Background: The role of technology to facilitate independent living for people with dementia is not fully realized, with initial attempts (e.g. tracking devices) being considered unacceptable from a practical and ethical perspective. The aim of this study is to create acceptable and effective prototype technologies to facilitate independence for people with dementia through a user-centered design process involving them and their carers.
Method: The study comprised a three-stage participatory design process: scoping stage (five focus groups, 10 people with dementia and 11 carers); participatory design stage (five workshops, 22 participants) and prototype development stage (four meetings with two people with dementia and one carer). Focus groups and workshops were digitally recorded, fully transcribed and subjected to constant comparative analysis.
Results: People with mild to moderate dementia enjoy a variety of activities both on their own and with their families; however, concerns included getting lost, a loss of confidence with curtailment of usual activities, and carer anxiety. Existing technologies (mobile phones) were used intermittently. Participants felt strongly that future devices should be disguised and be integrated easily into their daily routines. Suggested areas for functional improvement included two-way communications, flexibility of function as the illness progresses, and something to "guide" them home when out walking or driving. Attention should also be focused on minimizing the size, weight and visibility of devices to reduce stigmatization.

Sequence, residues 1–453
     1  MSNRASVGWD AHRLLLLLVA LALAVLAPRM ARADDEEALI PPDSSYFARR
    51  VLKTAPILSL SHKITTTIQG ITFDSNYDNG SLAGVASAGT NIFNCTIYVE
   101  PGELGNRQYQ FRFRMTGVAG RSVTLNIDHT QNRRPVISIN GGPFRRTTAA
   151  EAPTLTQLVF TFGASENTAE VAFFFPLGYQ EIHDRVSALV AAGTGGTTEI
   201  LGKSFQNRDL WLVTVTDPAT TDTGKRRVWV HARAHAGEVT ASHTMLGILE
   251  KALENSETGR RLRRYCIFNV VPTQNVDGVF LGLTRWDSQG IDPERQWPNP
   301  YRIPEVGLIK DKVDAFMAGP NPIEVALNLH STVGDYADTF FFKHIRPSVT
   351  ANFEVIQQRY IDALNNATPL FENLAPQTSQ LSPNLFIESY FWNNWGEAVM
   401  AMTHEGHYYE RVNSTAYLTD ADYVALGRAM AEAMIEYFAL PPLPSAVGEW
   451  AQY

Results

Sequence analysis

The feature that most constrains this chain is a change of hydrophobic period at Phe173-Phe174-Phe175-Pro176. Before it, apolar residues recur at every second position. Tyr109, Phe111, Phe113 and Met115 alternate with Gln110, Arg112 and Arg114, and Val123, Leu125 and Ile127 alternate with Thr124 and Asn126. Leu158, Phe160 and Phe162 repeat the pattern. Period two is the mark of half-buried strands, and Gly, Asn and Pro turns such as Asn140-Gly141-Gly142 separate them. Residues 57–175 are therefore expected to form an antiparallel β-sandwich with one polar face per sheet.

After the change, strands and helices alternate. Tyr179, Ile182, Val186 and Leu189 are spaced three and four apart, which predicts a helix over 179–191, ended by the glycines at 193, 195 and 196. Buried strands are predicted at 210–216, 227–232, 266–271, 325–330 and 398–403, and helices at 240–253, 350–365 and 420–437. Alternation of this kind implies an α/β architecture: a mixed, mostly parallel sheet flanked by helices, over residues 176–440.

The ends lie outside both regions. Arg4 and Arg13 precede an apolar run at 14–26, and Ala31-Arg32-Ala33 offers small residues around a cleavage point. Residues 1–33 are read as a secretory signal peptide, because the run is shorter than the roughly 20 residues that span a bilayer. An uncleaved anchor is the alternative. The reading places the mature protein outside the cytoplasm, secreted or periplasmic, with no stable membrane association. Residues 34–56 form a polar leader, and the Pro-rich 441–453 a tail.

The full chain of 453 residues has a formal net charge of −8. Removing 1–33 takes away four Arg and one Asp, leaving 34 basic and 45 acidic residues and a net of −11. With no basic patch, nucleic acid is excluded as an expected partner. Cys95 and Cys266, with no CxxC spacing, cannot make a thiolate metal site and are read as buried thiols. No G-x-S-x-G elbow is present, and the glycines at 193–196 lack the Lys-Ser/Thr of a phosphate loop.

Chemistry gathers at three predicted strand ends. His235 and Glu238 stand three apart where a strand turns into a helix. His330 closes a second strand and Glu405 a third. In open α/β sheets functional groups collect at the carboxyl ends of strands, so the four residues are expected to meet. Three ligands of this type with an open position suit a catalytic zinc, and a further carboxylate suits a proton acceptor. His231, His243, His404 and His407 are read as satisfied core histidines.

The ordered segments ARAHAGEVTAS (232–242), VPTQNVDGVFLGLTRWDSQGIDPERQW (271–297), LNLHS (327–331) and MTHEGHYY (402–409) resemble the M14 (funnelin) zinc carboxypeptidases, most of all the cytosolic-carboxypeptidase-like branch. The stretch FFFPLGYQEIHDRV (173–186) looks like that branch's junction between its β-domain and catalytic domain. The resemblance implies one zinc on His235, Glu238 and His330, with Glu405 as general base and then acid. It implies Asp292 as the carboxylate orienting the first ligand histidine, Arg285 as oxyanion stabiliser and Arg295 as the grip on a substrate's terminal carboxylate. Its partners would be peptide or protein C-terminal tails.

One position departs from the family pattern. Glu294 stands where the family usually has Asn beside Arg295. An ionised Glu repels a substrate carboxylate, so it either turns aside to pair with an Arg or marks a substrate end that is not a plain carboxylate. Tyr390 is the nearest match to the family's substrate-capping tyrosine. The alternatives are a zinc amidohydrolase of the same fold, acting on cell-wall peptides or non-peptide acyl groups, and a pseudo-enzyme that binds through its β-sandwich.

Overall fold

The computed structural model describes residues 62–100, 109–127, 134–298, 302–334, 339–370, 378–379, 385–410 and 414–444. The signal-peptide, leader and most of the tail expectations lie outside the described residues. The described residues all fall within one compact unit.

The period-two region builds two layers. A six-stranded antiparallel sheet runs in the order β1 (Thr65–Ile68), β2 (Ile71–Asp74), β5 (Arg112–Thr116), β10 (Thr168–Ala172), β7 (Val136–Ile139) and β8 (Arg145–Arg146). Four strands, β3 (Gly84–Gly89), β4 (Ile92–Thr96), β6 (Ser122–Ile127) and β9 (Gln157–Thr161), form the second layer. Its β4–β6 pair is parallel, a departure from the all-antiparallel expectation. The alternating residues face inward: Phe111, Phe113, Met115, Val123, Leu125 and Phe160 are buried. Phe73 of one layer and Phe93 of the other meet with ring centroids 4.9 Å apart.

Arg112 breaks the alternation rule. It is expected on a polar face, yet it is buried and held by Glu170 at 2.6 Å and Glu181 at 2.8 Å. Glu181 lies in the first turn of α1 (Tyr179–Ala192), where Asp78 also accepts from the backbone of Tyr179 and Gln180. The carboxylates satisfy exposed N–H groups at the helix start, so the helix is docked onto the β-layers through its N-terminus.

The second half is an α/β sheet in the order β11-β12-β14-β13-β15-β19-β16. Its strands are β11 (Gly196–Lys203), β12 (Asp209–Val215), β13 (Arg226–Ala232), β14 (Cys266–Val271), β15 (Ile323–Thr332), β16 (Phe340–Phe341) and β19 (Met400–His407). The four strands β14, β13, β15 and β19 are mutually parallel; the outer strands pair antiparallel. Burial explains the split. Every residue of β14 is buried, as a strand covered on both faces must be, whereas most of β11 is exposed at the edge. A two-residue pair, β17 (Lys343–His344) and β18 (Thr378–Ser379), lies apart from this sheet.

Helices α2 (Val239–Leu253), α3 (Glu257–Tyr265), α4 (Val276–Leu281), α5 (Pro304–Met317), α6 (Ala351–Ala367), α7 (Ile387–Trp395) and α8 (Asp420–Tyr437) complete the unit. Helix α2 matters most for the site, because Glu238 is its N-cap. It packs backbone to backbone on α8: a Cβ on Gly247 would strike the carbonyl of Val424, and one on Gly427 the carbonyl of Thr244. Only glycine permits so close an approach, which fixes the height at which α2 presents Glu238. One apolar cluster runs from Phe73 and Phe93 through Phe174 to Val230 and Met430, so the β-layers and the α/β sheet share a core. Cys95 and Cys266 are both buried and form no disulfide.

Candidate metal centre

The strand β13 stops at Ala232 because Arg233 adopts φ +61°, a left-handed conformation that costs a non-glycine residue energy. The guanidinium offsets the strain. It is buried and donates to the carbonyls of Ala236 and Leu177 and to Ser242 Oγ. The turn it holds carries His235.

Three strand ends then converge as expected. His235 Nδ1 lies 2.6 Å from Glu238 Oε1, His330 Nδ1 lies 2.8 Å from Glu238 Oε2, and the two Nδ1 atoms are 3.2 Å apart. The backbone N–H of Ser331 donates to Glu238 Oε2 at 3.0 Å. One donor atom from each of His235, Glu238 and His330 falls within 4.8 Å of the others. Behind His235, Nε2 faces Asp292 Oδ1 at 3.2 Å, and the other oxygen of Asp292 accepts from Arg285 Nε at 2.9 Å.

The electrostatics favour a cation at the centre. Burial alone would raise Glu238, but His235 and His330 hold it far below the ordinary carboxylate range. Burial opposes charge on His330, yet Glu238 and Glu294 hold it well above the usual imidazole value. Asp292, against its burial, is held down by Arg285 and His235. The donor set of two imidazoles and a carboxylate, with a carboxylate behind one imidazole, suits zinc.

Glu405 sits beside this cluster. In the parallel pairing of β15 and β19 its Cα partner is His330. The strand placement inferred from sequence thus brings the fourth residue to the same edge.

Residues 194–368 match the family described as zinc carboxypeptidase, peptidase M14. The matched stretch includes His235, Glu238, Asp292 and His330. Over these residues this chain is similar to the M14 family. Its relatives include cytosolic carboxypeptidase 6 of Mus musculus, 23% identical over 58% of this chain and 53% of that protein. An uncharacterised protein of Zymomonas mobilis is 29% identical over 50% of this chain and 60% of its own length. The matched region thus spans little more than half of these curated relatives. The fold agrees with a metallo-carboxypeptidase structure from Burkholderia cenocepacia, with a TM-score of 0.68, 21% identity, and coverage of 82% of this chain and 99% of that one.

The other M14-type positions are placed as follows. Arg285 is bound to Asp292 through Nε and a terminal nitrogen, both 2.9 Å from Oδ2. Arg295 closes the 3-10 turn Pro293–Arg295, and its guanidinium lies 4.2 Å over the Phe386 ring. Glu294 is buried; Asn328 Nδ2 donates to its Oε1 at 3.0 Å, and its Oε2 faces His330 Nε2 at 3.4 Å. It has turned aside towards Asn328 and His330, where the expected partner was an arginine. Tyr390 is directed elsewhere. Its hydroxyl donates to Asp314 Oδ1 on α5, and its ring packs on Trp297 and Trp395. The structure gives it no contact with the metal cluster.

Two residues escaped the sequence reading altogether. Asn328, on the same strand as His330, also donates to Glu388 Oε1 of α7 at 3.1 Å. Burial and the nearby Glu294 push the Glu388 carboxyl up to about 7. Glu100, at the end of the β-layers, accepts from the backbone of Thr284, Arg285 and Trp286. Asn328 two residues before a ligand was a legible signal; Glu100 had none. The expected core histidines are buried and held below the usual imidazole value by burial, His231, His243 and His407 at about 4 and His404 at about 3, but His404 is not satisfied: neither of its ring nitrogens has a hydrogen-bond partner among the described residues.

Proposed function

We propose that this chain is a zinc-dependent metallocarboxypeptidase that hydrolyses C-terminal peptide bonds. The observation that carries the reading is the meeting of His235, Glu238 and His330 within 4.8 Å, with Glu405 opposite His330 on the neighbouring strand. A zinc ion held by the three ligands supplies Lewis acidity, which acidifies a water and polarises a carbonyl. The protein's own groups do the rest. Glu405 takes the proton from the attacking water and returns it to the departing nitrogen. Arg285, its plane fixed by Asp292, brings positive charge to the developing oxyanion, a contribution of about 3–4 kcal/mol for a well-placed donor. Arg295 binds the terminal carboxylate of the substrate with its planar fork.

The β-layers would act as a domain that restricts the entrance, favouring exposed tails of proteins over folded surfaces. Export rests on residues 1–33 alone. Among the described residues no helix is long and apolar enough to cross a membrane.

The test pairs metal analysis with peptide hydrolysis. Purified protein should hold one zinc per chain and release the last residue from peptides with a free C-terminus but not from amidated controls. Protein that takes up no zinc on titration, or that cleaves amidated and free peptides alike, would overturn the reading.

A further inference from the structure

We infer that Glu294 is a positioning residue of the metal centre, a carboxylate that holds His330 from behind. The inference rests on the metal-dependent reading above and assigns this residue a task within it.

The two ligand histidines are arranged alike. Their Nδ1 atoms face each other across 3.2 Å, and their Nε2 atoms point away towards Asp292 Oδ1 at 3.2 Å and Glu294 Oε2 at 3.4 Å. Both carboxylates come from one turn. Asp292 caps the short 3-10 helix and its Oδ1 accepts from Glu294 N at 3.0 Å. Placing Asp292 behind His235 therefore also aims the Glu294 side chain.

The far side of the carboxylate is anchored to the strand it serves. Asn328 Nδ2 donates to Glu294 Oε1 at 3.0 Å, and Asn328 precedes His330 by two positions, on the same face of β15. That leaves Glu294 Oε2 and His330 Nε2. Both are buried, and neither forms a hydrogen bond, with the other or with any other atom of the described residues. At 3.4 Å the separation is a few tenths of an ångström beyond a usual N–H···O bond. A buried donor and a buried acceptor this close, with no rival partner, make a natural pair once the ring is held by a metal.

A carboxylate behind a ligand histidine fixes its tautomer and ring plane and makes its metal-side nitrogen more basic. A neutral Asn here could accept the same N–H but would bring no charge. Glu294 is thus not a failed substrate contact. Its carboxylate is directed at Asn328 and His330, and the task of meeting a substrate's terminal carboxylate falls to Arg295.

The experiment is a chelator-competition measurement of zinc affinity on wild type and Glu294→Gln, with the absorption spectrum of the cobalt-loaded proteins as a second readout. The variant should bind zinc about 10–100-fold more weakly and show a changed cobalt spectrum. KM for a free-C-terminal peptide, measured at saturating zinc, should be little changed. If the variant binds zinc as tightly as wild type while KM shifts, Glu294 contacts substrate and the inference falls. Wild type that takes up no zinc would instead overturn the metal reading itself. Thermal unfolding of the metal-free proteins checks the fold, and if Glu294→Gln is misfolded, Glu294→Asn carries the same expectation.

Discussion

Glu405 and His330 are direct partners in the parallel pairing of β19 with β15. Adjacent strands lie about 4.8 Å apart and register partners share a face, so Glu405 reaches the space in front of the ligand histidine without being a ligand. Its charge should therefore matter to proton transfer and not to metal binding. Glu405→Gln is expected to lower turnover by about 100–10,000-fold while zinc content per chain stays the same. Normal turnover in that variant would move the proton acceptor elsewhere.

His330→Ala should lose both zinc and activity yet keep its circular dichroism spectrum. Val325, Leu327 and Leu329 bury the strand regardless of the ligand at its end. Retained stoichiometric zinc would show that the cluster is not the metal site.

Conclusion: Prototypes for two devices (armband and electronic notepad) were developed. The study showed that involving people with dementia in the process of participatory design is feasible and could lead to devices which are more acceptable and relevant to their needs.